Biomonomers (amino acids or nucleotides) may be linked to each other in the presence of a chemical condensing agent which traps the water molecules that are split out between the monomers. But in an aqueous environment these agents will interact preferentially with the large amount of water in the environment. Thus, condensing materials work only in nonaqueous environments.

The other two grave difficulties with primordial polymer formation — the exclusive use of only “left-handed” or “right-handed” monomers for protein or nucleic-acid synthesis, and the source of information that resides in the sequences of biomonomers in proteins and nucleic acids — have not been satisfactorily addressed.

The synthesis of either proteins or nucleic acids under prebiotic conditions has yet to be accomplished. These necessary processes can be considered the end of the chemical evolutionary road paved only in scattered patches with experimental results. If one wishes to proceed beyond, it is necessary to traverse on the rocky terrain which consists mostly of speculations.

PROTO CELL AND TRUE CELL FORMATION

Using Zubay’s terminology, it is envisioned that the first phase of chemical evolution consisted of the “non-instructed” phase,2 where the emphasis was on the synthesis of random polymers of either proteins or nucleic acids, or both. Current thinking is leaning toward a random synthesis of ribonucleic acid, because it was discovered recently that some ribonucleic acids have catalytic activity. [28] This discovery led to the speculation that the first biopolymers had both catalytic and genetic capacities.

The second phase of chemical evolution is the “instructional phase”, where macromolecules would self-organize into autocatalytic systems. That is, self-replicating systems would form from mixtures of random RNA or protein molecules. Somehow such systems would be wrapped into protective membranes, forming “protocells”, the precursors of true cells.

Experimental models of protocells include coacervates (microscopic droplets) of proteins and nucleic acids, [29] proteinaceous microspheres, [30] and lipid vesicles. [31] These structures have been synthesized in the laboratory from preformed biopolymers, or from protein-like substances that were obtained by heating pure amino acids at high temperatures. Without entering into detailed considerations of each, it can be said that none of these complexes manifest the essential qualities of living cells. They were aggregates of polymers, predictably held together by physical forces. As such, they represent experimental dead-ends, without any promise of shedding light on the mysteries of abiogenesis.

But having come this far in our hypothetical journey on a primordial Earth, it seems a pity to stop. If self-replicating systems of proteins and nucleic acids could be found, could these serve as precursors to modern cells? Evolutionary theoreticians posit that the Darwinian “descent with modification”, along with “survival of the fittest”, concept of biological evolution may have been at work even during chemical evolution. [32], [33] Thus, through a process of continual modification, different biopolymers would have been formed, and those with useful properties would have been retained.

There is an enormous amount of information stored in the structures of nucleic acids and proteins in modern cells. It has been estimated that one cubic micrometer (one thousand billionth of a cubic centimeter) of deoxyribonucleic acid (DNA) encodes 150 megabytes of information. This is more than an order of magnitude greater than the current CDROM optical storage density. [34] The complete nucleotide sequence of the genetic material of Escherichia coli, printed in a standard book form, takes up about 1,100 pages. A similar effort for the human genome would fill one thousand volumes of 1,100 pages each.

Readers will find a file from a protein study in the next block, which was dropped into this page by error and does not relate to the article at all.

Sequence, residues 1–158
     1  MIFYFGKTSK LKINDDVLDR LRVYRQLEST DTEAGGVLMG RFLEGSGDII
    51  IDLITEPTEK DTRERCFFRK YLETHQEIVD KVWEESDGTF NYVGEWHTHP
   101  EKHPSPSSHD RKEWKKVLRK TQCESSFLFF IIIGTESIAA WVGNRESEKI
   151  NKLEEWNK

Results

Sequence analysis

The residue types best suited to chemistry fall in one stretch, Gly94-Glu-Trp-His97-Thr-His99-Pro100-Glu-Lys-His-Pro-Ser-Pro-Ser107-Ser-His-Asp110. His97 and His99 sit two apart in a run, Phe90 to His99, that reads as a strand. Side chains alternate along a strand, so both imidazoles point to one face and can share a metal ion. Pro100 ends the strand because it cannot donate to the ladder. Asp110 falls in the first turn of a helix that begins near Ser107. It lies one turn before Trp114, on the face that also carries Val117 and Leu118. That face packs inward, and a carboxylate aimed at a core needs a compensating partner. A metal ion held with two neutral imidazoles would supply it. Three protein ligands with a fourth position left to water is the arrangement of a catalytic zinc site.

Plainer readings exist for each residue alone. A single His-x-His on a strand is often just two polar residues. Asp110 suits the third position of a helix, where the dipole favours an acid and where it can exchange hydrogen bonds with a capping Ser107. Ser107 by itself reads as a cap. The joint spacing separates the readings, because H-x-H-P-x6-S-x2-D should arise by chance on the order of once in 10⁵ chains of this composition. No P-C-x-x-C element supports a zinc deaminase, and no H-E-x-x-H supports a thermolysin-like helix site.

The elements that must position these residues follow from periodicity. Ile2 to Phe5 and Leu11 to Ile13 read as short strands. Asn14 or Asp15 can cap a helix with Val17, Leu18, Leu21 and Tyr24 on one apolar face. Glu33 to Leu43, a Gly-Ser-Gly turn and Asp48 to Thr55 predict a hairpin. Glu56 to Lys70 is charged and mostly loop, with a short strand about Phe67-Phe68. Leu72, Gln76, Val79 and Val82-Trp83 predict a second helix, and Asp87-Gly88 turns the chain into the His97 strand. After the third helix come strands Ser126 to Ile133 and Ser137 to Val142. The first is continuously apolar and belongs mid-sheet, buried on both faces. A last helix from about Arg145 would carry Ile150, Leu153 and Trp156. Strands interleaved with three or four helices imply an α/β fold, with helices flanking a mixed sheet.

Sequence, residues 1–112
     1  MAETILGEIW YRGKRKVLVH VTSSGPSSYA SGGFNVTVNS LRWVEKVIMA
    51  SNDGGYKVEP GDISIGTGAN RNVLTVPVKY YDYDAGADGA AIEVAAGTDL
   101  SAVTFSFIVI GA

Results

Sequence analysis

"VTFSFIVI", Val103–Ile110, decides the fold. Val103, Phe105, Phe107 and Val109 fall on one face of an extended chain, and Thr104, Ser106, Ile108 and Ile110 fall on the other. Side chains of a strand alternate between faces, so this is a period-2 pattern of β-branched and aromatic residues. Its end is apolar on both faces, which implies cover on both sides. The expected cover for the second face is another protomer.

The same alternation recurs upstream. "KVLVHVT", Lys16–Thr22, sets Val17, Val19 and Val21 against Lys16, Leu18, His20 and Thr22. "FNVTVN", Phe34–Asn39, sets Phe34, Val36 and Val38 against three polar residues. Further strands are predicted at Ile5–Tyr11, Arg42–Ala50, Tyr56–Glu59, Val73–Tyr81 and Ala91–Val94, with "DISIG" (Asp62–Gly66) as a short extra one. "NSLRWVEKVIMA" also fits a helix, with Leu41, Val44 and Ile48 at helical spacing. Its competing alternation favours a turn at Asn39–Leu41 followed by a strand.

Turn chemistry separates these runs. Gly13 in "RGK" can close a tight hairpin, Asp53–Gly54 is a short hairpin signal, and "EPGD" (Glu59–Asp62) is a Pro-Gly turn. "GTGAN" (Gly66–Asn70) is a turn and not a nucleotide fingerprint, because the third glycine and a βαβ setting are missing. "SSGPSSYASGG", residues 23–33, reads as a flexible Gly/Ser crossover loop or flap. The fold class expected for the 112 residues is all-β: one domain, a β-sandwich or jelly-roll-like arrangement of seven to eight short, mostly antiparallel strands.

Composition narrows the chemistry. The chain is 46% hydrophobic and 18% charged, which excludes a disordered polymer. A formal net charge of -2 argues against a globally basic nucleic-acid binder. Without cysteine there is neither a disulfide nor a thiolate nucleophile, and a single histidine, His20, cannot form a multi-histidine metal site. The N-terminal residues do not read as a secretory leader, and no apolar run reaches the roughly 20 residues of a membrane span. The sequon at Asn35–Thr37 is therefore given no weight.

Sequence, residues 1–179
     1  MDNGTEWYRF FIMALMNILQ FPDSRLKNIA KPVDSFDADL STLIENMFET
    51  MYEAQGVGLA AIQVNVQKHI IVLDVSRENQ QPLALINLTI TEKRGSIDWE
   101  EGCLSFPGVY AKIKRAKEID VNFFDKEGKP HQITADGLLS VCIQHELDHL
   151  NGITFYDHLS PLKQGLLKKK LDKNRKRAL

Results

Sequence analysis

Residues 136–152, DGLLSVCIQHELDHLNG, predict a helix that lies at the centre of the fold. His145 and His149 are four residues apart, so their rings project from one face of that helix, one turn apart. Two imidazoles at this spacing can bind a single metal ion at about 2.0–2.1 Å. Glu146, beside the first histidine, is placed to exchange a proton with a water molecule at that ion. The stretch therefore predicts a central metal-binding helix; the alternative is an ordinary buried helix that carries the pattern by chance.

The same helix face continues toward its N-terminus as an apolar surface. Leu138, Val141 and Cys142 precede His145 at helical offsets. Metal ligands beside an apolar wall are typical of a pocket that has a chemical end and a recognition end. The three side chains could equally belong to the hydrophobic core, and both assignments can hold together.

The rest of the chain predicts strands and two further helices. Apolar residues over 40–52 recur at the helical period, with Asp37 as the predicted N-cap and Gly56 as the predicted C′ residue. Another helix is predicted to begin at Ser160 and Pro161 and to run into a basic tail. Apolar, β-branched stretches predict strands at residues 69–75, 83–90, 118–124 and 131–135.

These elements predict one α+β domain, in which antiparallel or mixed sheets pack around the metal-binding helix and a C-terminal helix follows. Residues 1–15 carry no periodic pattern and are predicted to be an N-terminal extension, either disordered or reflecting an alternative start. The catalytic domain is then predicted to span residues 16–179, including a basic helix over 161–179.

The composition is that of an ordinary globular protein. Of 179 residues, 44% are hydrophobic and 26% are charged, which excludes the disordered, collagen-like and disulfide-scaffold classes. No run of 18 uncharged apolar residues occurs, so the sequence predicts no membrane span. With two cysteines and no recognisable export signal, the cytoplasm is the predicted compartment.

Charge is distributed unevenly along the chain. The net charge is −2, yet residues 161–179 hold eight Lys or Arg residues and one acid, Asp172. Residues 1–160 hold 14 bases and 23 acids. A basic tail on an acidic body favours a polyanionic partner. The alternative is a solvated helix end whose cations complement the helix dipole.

The rules of grammar define the correct spelling of words and the proper usage of each word in a sentence. They do not determine the choices of words. Similarly, although the rules of chemistry determine how biomonomers may be linked into polymers, they are silent on the order in which these should be linked so as to have biological significance.

The question is, by what processes would self-replicating systems of proteins and nucleic acids select for and accumulate biologically valuable polymers? In abiotic systems no selection pressure exists in favor of biologically useful polymers! The potential usefulness of biopolymers is manifested only in living cells. In nonliving matter the biological potential of molecules is of no consequence. This point is generally ignored by chemical evolutionary theoreticians. A salient example is the “obcell” hypothesis by T. Cavalier-Smith. He proposes that in the prebiotic era, membrane-protein complexes known as “inside-out cells” (or “obcells”) formed as precursors of true cells. These structures contained transport proteins, as well as nucleic-acid replication machinery and ribosomes, [35] and somehow had the ability to harness light energy. He gives no indications whether his “obcell” is alive or dead.

Albert Lehninger, however, clearly states that the hypothetical protocells should have been alive:

...the first structure possessing ‘life’ was not necessarily a modern cell, complete with a membrane, a chromosome, ribosomes, enzymes, a metabolism, and the property of self-replication. The minimum requirement is that it could potentially evolve into a complete cell. [36]

If a cell possessed life, then its molecular components had to be in steady state non-equilibria. Such a state could be maintained only if the individual chemical reactions in the protocell were kept from reaching equilibrium. In modern cells this is accomplished by the linkages of chemical reactions into biochemical pathways and by coordinating the chemical activities of pathways through regulation of key enzymes. Since protocells were supposed to have risen from random encapsulation of compounds and their catalysts, it would follow that their chemical reactions were neither linked into pathways nor regulated. Thus, chemical reactions in protocells would have been expected to reach equilibria some time after encapsulation, resulting in dead protocells.